(Reuters) - Australia spinner Nathan Lyon has spoken out against the International Cricket Council's (ICC) decision to broadcast sound from the stump microphone at all times and the introduction of audible obscenities as a new offence.
The ICC announced four new violations into its revised code of conduct on Monday - attempting to gain an unfair advantage (cheating, other than ball-tampering), personal abuse, audible obscenity and disobeying an umpire's instructions.
The governing body also introduced harsher sanctions for ball-tampering at its five-day Annual Conference in Dublin.
"I totally agree with the ball-tampering stuff, but to be honest with you, I'm not the biggest fan of the stump mics being turned up," Lyon said on The Unplayable Podcast.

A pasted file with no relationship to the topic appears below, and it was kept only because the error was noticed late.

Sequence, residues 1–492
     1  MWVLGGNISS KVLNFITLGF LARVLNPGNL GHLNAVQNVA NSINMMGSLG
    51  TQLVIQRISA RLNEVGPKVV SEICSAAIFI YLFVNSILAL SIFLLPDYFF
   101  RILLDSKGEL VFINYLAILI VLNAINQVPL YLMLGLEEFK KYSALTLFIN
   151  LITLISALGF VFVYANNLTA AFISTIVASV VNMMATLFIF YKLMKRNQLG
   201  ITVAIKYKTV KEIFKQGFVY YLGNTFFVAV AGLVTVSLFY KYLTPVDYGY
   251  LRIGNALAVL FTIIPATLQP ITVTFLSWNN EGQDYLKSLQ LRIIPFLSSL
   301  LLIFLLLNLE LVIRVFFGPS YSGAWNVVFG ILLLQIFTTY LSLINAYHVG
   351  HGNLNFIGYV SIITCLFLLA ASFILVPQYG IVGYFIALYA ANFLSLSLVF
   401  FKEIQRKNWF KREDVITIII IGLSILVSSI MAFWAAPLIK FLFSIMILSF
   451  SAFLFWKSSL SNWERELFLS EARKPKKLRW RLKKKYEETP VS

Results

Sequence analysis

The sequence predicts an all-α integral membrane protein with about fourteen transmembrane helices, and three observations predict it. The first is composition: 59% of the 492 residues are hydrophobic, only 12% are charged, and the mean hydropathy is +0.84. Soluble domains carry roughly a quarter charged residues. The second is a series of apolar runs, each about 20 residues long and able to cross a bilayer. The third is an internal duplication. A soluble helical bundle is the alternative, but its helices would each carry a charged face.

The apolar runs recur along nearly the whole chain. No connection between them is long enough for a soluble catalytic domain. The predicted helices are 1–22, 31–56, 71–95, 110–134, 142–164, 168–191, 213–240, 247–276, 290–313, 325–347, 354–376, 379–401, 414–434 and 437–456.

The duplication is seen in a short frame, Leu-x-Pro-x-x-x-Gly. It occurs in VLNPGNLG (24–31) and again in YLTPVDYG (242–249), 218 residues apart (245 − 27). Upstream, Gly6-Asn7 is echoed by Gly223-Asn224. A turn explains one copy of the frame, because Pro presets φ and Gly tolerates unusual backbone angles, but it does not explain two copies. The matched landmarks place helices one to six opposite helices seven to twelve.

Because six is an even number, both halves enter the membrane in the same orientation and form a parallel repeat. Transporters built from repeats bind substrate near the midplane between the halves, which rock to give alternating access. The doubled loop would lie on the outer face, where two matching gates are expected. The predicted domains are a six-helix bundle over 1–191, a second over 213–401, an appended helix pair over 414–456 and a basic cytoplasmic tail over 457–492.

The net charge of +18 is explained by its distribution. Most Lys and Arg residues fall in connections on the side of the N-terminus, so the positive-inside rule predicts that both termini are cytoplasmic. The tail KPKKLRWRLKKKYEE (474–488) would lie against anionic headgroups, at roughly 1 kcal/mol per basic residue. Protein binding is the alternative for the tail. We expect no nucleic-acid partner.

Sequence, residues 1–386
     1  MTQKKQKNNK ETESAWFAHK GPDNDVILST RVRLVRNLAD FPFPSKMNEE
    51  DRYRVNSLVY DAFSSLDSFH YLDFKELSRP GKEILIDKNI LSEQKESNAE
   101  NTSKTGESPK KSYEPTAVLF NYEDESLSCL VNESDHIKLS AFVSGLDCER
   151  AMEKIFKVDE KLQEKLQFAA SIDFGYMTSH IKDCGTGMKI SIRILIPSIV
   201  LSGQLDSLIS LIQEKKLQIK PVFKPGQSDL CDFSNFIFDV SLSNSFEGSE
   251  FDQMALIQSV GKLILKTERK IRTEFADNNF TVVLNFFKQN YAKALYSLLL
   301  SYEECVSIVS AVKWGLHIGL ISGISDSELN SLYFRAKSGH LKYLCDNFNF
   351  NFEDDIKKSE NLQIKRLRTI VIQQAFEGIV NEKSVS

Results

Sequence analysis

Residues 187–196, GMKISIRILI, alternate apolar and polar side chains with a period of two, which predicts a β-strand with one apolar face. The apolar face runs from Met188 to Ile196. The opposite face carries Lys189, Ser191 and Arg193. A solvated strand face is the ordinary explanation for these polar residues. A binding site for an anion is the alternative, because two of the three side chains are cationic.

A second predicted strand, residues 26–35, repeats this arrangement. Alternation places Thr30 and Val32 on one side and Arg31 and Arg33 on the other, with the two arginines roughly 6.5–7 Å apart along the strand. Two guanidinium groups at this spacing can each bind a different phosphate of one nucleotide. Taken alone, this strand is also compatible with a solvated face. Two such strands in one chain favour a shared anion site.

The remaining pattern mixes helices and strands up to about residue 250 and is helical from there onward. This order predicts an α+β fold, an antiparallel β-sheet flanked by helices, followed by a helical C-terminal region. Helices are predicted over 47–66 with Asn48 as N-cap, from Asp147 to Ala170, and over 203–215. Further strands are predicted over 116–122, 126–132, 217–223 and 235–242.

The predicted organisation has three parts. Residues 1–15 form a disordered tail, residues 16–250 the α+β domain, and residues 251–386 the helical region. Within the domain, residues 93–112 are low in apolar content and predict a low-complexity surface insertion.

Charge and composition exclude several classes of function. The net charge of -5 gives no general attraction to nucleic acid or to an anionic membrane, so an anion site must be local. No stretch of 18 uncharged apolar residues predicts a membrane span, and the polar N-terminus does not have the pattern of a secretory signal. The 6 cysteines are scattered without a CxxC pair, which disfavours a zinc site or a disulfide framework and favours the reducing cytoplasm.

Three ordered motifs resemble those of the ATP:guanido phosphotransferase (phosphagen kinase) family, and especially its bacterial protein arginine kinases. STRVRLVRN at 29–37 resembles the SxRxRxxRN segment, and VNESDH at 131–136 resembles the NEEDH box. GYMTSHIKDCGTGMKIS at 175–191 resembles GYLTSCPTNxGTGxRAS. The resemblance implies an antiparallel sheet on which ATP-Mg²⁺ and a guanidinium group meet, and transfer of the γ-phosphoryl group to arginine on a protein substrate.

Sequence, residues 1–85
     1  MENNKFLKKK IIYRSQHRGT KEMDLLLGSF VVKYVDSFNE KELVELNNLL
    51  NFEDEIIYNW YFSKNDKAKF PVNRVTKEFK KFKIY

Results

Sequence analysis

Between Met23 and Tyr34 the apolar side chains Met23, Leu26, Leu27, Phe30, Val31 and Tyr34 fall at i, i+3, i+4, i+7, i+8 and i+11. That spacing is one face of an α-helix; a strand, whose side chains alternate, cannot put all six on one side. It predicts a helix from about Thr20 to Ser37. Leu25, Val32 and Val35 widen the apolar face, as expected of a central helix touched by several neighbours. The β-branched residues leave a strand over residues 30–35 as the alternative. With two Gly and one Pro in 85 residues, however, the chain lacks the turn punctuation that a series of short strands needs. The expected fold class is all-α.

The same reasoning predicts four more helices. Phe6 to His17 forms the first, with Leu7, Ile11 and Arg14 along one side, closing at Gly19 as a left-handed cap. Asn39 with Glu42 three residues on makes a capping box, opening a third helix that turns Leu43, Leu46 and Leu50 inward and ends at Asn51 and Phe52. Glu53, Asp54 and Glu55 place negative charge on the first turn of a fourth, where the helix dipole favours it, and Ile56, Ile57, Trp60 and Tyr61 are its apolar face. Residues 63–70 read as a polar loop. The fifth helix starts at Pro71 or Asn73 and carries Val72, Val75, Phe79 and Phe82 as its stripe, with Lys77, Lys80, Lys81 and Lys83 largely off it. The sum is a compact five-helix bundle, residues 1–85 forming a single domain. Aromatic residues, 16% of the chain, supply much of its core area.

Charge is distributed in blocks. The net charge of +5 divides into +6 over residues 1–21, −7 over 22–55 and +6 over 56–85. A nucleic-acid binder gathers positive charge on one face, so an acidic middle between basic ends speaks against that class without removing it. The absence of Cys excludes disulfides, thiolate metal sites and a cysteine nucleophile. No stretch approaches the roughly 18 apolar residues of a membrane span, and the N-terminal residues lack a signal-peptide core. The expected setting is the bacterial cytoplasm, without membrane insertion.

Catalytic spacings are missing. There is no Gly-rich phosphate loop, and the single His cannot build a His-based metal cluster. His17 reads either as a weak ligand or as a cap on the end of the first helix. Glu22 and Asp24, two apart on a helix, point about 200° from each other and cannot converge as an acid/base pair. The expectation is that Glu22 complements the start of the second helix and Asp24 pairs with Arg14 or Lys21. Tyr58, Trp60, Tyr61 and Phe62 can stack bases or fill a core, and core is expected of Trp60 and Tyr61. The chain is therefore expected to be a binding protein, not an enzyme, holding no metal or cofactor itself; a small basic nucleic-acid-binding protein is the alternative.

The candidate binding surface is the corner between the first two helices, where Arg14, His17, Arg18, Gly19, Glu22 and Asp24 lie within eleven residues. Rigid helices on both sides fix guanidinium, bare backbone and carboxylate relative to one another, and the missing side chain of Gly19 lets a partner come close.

"I think what's on the field needs to stay on the field.
The 30-year-old, who last played for Australia in their final one-day international of the five-match series defeat by England last month, believes players often curse at their own failings under pressure, which might not be the best example for young fans.
"I'm not saying swearing is OK, but when you're competing at the highest level and under extreme amounts of pressure, sometimes you miss your skill and therefore an expletive may come out," he added.
"But we're going to have young kids watching so as grown men we need to try and pull our heads in and realise that we're massive role models for the game."
Australia are competing in a Twenty20 international tri-series against Pakistan and Zimbabwe and, having beaten both their opponents convincingly in the opening two matches, they face the South Asian nation again on Thursday.
(Reporting by Aditi Prakash in Bengaluru; Editing by Keith Weir)
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